“Julia’s Eyes” is basically a horror film for people who don’t usually watch horror films. Although there’s no denying that its execution is reasonable and that it technically ticks most of the right boxes, like “The Orphanage” it’s hampered by a complete lack of innovation or a desire to serve up anything new. Almost every one of its supposed frights is heavily telegraphed, playing out exactly as expected and arrives without any impact, being unlikely to stir even the most lily-livered or knock-nerved of viewers in their seats. Morales drags almost every scare sequence out to interminable length, hammering home all of its twists with ludicrous heavy-handedness. To be fair, this does add a few touches of unintentional amusement, for example during the last act when one key character’s face is deliberately obscured in a fashion which recalls “Austin Powers” style penis hiding gags, though this is never quite enough to push the film into the territory of enjoyable trash. At a weighty and horribly overstretched two hours, it clearly has delusions of greatness, Morales never seeming to grasp that what he is essentially serving up is little more than a rehashed meal of leftovers.
ATTACK THE BLOCK (2011)
“Attack the Block”, which sees British director Joe Cornish making the leap from television to the big screen, is thankfully a film which succeeds exactly where the two above entries fail, taking an imminently tried and tested concept and breathing new and enthusiastic life into it. Even more impressively, the film is one of the few to achieve this by combining genre savvy references and action whilst taking considerable risks with its characters and plot, making for an edgy, wholly enjoyable combination.
Certainly, the protagonists are likely to be only too familiar to any inhabitants of London, being a gang of teenage hoodie wearing chav thugs, who start the film in true to life fashion by carrying out a violent mugging on an unfortunate young woman (Jodie Whittaker) who lives in their neighbourhood. The robbery is interrupted by a meteorite crashing into a nearby car, containing a small but vicious alien, which they proceed to beat to death. Soon enough similar balls of fire are falling from the sky, and the estate is quickly overrun with nasty, toothsome creatures that seem determined to make a meal of the gang and everyone else they come across.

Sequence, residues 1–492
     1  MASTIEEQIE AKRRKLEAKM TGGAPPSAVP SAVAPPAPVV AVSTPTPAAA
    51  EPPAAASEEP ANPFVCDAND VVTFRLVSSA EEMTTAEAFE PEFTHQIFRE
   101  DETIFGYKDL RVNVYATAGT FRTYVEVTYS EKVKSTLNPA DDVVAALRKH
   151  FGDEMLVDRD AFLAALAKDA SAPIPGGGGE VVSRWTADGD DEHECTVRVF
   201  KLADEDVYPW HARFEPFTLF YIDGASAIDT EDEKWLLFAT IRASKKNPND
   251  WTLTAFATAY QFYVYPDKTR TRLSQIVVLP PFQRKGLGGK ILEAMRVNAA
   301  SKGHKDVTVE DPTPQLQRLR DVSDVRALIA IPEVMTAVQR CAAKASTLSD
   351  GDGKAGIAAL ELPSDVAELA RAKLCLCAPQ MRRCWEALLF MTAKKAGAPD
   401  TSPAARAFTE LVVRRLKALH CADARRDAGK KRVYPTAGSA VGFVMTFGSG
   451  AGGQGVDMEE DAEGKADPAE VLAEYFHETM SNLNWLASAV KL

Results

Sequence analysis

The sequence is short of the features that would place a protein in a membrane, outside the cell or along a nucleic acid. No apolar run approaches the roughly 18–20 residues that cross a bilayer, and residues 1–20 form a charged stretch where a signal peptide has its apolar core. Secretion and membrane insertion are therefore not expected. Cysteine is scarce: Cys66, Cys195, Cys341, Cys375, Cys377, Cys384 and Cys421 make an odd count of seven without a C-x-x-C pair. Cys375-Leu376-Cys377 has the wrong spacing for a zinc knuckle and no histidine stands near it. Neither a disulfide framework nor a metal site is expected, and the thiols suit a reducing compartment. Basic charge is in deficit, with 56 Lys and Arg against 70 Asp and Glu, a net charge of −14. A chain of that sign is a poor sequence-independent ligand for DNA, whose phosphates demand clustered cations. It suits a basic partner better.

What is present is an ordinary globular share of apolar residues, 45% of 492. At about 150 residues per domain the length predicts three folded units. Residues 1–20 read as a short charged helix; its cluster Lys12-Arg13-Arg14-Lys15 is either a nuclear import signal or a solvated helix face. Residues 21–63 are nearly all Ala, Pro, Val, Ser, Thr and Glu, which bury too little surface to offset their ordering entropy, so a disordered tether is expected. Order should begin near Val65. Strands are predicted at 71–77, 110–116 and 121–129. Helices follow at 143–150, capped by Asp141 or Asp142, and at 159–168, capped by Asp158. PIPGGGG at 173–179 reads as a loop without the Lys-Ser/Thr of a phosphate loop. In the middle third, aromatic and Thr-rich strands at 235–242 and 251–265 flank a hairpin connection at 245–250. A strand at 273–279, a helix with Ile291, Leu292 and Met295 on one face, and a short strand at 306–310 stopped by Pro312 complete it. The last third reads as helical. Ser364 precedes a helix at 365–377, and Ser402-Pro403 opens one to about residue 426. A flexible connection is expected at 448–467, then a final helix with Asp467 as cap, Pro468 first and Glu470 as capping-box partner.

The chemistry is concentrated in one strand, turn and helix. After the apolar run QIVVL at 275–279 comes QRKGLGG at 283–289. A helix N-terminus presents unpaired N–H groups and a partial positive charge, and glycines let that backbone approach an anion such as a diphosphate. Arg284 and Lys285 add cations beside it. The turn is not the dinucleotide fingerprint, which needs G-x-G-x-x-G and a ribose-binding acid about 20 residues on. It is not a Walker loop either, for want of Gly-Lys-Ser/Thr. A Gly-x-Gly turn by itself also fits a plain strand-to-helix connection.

It’s easy to see comparisons have been made between “Attack the Block” and “Shaun of the Dead”, not least due to the presence of comedian Nick Frost as an amiably stoned drug dealer. The two films share an essential love of genre cinema, referencing it in playful rather than reverential terms and working it into the plot not simply as throwaway gags but as a means to create a genuinely fun and believable scenario. The most obvious influences here are Spielberg and John Carpenter, the latter echoed to great effect in terms of atmosphere, music and pacing, so much so that the film does at times resemble an anarchic take on “Assault on Precinct 13”. The film has the same hardboiled edge, with Cornish bravely never underplaying the fact that the lead characters really all are little bastards, mean-spirited and thoroughly amoral. This lends the film a real air of gritty authenticity, as does its amusingly believable script of street slang, which the director spent a great deal of time researching – not to mention apparently getting mugged himself, which was the inspiration for the film. Thanks to the Spielberg meets London urban gangsta feel, the young thugs do grow on the viewer, slowly but surely, and the films has one of the most effective villain-hero character arcs of recent genre times, never overplaying its hand.
Balancing any griminess is a winning sense of excitement, as Cornish piles on the action scenes with real enthusiasm and creativity. Whilst the film does play out along expected lines, it does so with verve and flair, and is all the better for playing things relatively straight, its humour never intruding on what are some surprisingly bloody and tense sequences, boosted by excellent and convincing use of special effects. All of this comes together to mark “Attack the Block” as a real joy, and one of the best science fiction horror films for some time.